Donald Trump will soon be sworn in as the 45th president of the United States, and a large chunk of the country—easily 6 in 10 adults, if we want to get really specific—are terrified of what that means for our future. Our favorite late night comedians tried to reckon with all this last night in their own ways.

For Seth Meyers, that meant taking a closer look at Trump's preparations for the inauguration (including coming up with his 2020 slogan, which seems like jumping the gun to put it mildly), and the fact that he's still not divested from his private businesses, which some scholars see as a violation of the constitution: "I guess that explains the schedule," he said. "Noon swearing in, 3 p.m. inaugural parade, 6 p.m. impeachment hearing."

Stephen Colbert brought back his beloved "Stephen Colbert" alternate persona (this guy is Gasbag Colbert, Comedy Central’s Gasbag Colbert's identical brother, to be clear) to thank Obama for eight years of leading this country, in a way only he could: "Well, well, well, at long last our America-hating, secret Muslim, lead-from-behind, terrorist fist-bumping, hopey-changey apologist in in chief is leaving office," he said.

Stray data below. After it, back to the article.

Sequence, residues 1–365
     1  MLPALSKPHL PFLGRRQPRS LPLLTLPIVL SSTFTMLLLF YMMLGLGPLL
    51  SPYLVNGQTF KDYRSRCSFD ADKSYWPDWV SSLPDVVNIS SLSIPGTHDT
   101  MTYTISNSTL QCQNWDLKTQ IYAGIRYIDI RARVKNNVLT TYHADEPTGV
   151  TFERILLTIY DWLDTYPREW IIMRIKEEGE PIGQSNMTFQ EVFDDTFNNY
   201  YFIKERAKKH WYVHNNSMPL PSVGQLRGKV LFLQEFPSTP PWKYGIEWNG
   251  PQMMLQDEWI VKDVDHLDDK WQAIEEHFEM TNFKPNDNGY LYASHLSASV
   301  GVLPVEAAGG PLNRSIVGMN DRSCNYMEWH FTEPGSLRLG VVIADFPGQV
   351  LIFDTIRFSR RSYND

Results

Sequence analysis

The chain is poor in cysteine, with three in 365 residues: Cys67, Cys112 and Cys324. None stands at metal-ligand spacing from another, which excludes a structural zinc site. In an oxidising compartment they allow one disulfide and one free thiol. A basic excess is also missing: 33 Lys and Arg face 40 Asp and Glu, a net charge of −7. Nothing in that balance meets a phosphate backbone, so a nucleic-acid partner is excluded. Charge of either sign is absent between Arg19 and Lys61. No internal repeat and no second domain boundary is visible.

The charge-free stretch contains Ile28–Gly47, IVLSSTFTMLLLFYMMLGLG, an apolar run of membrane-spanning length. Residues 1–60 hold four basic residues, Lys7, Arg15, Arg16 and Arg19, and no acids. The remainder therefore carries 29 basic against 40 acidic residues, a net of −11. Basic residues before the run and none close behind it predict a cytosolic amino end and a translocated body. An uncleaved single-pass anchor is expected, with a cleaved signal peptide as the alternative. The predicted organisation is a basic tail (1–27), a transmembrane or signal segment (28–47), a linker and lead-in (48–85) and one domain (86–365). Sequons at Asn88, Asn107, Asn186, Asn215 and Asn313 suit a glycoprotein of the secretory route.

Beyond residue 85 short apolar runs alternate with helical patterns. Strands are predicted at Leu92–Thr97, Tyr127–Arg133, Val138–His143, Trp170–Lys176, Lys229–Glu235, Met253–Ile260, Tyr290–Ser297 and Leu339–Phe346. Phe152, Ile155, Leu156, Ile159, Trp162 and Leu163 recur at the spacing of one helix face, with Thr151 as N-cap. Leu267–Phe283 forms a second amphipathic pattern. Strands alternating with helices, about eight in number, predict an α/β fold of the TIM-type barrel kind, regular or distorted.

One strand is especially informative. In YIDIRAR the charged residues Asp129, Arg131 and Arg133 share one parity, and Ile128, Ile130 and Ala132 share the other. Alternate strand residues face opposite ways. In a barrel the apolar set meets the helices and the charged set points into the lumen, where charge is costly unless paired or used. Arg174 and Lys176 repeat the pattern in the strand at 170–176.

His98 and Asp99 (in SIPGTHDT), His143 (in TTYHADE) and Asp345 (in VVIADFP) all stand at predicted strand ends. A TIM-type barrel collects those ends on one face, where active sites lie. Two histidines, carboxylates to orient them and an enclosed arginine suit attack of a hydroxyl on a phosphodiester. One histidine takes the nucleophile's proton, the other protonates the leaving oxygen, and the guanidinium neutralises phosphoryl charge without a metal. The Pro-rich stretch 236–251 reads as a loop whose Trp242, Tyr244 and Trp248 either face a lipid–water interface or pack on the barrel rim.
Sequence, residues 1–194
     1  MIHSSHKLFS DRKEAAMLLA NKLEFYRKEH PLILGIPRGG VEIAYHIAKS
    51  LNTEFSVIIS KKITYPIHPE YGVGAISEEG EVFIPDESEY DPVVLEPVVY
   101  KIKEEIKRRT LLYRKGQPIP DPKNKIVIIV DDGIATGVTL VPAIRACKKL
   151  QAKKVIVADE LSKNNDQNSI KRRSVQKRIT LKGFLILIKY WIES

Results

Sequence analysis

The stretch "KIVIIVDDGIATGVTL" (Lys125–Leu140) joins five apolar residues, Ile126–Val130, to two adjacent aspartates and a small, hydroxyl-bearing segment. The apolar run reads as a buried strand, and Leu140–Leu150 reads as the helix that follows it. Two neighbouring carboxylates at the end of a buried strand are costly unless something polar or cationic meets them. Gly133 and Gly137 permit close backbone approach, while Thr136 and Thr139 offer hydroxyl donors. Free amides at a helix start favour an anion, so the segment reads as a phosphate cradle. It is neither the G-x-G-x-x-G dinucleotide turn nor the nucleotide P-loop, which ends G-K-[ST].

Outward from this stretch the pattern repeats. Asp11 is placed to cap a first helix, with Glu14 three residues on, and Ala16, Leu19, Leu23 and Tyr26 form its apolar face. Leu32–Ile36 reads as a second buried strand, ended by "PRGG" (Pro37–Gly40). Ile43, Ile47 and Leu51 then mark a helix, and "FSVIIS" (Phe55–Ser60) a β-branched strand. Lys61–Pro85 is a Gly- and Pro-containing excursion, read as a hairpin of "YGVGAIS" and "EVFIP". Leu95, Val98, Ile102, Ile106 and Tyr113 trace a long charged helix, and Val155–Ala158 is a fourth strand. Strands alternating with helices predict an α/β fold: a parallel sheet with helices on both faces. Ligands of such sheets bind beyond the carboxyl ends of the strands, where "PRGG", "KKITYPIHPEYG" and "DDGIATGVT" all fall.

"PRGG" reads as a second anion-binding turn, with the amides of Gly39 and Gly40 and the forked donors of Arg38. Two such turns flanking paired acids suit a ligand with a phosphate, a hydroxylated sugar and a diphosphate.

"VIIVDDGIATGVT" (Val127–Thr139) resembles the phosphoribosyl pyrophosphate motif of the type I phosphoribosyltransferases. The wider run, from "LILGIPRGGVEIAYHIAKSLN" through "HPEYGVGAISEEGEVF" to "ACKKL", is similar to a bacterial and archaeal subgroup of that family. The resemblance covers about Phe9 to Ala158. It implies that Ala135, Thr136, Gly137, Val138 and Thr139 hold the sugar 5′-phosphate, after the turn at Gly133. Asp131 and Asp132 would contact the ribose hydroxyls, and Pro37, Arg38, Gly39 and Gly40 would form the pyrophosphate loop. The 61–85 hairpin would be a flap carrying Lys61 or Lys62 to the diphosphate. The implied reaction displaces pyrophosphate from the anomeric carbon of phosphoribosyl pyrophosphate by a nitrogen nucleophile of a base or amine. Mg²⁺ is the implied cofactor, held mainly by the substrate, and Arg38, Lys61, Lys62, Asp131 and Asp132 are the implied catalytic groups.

Colbert devoted his opening monologue to the looming specter of President Trump: "We all knew this day would come, it's inevitable. Like death and never seeing his taxes."

Finally, Trevor Noah brought the darkest take about our reality star president and his endless pursuit of self-promotion: "How is that a president?” he asked in disbelief. “Oh, guys, we’re so fucked."